Janet Marlow: [00:02:27] The missing piece of that, and I’m sure your listeners with dogs will agree with me that the the tipping of benefits and love and partnership and just living with an animal is broadening and it’s an enrichment to your life. So we think having that we’re enriching their pet lives, but actually it’s the reverse. So so much so you may want to consider like fostering a dog for like a few weeks and check it out. Sure.

Mindy Peterson: [00:03:00] Well, I have so many friends who are dog lovers and pet lovers and they are doing their best to convert me. I can assure you of that. And I. And I do really like dogs. Like we have really good neighbor friends who have dogs. And I sort of am like surrogate, you know, pet owner and walk their dogs for them and stuff like that. But let’s talk about you and your work. You spent the first 35 years of your career as an international performer and recording artists, and then in 1997, you began researching sound and its effect on the behavior of of animals, especially our companion animals, pets. So can you explain the concept behind pet acoustics, which you eventually came up with and how you discovered the potential impact of music on pets?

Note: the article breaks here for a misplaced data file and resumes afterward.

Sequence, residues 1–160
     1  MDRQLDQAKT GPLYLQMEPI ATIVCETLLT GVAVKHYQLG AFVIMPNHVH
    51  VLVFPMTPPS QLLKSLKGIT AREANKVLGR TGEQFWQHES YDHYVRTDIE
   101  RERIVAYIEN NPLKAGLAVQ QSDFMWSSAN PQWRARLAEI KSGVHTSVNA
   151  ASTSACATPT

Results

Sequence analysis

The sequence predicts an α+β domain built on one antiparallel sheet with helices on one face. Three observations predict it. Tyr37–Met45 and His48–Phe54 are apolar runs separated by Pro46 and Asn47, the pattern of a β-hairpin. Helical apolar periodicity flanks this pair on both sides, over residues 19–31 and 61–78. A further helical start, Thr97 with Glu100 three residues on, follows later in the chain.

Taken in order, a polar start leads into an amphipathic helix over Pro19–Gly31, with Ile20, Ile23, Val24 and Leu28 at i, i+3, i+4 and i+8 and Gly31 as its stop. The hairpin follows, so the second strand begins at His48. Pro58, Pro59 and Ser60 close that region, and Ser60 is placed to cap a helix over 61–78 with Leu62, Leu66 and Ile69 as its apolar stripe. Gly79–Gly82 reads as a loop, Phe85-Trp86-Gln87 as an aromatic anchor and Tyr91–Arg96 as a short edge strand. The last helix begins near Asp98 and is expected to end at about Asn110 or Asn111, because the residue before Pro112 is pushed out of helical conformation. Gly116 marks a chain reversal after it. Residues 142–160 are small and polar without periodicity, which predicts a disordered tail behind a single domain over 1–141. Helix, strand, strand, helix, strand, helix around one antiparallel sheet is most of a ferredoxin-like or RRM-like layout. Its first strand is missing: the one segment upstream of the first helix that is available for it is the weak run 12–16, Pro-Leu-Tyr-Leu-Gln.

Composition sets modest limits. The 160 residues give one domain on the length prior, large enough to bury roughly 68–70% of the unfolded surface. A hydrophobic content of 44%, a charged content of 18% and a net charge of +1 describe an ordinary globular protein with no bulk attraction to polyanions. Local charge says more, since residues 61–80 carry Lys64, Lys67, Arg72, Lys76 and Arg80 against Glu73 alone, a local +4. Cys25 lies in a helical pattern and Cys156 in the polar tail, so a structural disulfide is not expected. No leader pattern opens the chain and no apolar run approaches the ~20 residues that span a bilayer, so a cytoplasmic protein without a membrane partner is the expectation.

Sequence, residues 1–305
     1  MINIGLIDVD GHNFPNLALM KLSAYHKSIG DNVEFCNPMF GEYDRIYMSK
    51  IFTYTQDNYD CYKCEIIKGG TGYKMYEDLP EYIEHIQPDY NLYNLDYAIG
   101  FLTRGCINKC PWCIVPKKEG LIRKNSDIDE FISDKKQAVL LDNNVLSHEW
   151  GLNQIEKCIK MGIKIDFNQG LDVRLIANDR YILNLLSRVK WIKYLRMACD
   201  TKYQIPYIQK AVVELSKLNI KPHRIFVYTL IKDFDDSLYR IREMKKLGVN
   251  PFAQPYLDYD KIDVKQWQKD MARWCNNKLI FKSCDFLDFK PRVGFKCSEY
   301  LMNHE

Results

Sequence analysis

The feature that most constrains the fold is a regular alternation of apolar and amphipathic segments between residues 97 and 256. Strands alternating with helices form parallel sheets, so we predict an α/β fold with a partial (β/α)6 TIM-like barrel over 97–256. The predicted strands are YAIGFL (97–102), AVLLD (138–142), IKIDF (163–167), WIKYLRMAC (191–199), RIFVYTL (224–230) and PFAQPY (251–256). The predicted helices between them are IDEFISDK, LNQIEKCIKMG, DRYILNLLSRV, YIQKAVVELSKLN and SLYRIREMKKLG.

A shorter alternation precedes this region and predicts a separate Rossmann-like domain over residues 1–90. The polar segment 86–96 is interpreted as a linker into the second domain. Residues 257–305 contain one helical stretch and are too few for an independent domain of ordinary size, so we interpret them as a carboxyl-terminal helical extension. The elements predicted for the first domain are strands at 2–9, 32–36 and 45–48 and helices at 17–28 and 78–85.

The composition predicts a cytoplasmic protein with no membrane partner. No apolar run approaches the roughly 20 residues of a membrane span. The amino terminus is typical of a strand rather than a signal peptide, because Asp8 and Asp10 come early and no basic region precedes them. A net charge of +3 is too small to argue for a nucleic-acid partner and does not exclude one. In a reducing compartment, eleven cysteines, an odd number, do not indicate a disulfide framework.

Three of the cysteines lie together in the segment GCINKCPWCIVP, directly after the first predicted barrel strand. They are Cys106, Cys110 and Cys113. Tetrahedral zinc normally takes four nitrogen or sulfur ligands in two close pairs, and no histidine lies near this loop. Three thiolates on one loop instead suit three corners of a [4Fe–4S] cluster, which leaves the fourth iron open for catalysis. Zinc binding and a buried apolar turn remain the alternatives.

Janet Marlow: [00:03:52] Well, because of that, you know, long life in the music world, which I loved and the, you know, the thousands of people that I performed for and enjoyed so much, that circle of, you know, giving music and communicating this special level of messaging to other humans in acoustic environments was all the basis of how I transpose that concept to dogs, cats, horses and birds. And I picked those four instruments for four instruments. I picked those four animals because those are the ones that we live the most intimately with. Those are our companion animals. And so in 1994, my cat Osborn, who was my first pet because I lived in New York City and didn’t have pets at home either. So as soon as I became an adult, I had as many as I could. But he he got injured in our woods. And we we rushed him to the to the ICU. And I sang to him. I went to sing to him. I could see his eyes blinking slowly and how much he appreciated me just being there while he was not doing well. And because that had been such a soothing for him all his life while I practiced. When he passed, I had no intention of going into researching music for animals.